How are lysosomes and peroxisomes produced?
What are lysosomes?
Lysosomes are the cells' garbage disposal system. They degrade the products of ingestion, such as the bacterium that has been taken in by phagocytosis seen in the above cartoon. After the bacterium is enclosed in a vacuole, vesicles containing lysosomal enzymes (sometimes called primary lysosomes) fuse with it. The pH becomes more acidic and this activates the enzymes. The vacuole thus becomes a secondary lysosome and degrades the bacterium.
Lysosomes also degrade worn out organelles such as mitochondria. In this cartoon, a section of rough endoplasmic reticulum wraps itself around a mitochondrion and forms a vacuole. Then, vesicles carrying lysosomal enzymes fuse with the vesicle and the vacuole becomes an active secondary lysosome.
A third function for lysosomes is to handle the products of receptor-mediated endocytosis such as the receptor, ligand and associated membrane. In this case, the early coalescence of vesicles bringing in the receptor and ligand produces an endosome. Then, the introduction of lysosomal enzymes and the lower pH causes release, and degradation of the contents. This can be used for recycling of the receptor and other membrane components. See the Web page on Receptor mediated endocytosis for more information.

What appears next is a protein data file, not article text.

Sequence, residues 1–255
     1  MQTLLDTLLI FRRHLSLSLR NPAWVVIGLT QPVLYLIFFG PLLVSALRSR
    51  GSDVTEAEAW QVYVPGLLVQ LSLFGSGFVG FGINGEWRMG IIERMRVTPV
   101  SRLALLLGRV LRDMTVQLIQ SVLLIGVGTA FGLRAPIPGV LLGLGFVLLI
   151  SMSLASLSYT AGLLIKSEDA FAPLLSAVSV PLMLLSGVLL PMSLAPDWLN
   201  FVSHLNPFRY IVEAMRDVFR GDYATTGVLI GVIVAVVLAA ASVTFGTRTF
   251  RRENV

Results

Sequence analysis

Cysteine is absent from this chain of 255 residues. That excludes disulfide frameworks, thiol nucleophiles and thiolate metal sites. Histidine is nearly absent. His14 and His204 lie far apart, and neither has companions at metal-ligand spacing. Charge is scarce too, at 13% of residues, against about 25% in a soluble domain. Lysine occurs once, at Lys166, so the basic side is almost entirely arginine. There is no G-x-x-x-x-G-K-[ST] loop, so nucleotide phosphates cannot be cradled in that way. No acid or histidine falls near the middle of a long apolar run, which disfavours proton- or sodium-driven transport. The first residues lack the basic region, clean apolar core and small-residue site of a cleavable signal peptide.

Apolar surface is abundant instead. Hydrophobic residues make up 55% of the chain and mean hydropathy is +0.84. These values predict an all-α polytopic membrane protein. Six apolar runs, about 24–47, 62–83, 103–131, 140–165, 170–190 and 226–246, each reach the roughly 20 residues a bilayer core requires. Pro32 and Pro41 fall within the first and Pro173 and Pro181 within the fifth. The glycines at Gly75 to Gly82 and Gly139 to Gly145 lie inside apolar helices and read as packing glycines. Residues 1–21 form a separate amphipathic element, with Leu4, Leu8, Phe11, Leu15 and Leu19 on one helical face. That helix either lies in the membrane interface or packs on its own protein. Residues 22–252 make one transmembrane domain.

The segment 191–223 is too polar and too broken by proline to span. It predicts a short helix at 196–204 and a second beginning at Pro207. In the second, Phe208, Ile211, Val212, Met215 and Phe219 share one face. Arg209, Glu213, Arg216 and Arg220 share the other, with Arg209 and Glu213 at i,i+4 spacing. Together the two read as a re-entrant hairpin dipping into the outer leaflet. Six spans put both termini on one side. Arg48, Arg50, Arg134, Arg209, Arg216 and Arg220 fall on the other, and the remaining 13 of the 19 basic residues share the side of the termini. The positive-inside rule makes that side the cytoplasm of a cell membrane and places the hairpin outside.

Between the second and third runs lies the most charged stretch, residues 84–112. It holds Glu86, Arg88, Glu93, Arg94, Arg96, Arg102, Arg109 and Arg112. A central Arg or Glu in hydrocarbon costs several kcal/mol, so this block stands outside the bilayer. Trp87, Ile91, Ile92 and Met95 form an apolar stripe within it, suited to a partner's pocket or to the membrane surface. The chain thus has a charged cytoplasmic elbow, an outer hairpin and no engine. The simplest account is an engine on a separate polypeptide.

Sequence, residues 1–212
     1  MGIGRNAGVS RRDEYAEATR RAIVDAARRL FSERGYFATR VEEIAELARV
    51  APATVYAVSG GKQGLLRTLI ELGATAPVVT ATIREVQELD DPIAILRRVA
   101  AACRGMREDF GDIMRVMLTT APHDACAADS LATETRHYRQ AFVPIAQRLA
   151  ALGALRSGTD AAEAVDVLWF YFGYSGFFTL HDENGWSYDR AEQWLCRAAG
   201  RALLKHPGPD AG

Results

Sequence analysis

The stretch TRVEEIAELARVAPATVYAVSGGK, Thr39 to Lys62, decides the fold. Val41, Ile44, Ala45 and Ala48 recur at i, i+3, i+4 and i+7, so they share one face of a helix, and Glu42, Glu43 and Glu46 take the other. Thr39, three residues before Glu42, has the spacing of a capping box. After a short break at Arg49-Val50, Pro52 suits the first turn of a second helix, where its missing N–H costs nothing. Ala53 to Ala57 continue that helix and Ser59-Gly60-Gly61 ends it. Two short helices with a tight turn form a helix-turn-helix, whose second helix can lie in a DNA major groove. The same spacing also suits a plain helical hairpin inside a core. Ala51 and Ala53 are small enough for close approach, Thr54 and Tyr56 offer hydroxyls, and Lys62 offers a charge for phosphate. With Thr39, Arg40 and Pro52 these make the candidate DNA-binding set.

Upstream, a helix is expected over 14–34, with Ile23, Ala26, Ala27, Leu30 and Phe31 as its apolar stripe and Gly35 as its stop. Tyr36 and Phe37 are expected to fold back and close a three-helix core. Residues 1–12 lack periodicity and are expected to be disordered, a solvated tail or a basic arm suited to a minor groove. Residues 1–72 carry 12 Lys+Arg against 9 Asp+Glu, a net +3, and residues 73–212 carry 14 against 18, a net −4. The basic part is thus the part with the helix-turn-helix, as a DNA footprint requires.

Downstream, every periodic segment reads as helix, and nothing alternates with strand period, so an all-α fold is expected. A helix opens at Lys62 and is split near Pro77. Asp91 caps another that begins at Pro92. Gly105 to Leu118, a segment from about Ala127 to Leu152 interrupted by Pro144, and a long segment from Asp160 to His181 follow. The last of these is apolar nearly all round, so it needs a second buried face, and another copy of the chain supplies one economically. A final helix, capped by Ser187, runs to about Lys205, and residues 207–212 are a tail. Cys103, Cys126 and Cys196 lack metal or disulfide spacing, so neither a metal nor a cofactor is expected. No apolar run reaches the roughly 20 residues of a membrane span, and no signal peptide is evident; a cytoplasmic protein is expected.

Lysosomes carry hydrolases that degade nucleotides,
proteins, lipids, phospholipids, and also remove carbohydrate, sulfate, or phosphate
groups from molecules. The hydrolases are active at an acid pH which is fortunate because
if they leak out of the lysosome, they are not likely to do damage (at pH 7.2) unless the
cell has become acidic. A Hydrogen ion ATPase is found in the membrane of lysosomes to
acidify the environment.
How and Where are lysosomal enzymes produced? Introduction to the Ribosome-Endoplasmic Reticulum Unit
Lysosomal enzymes are made with
polyribosomes and initially sequestered in the rough endoplasmic
reticulum. The left hand view of this cartoon shows the free polyribosomes connected by the mRNA. They are arranged in rosettes and these can be seen
in the cytoplasm in conventional electron micrographs. The right hand view shows the
arrangement of polyribosomes on the rough endoplasmic reticulum. Note that the
polypeptide chain (which projects down from the large subunit) is inserted through the
membrane and into the cisterna of the rough endoplasmic reticulum. It
contains an initial "signal peptide" that allows it to be recognized by the
rough endoplasmic reticulum. Signal peptide binds to a receptor and
helps anchor the polyribosomes on the surface of the rough endoplasmie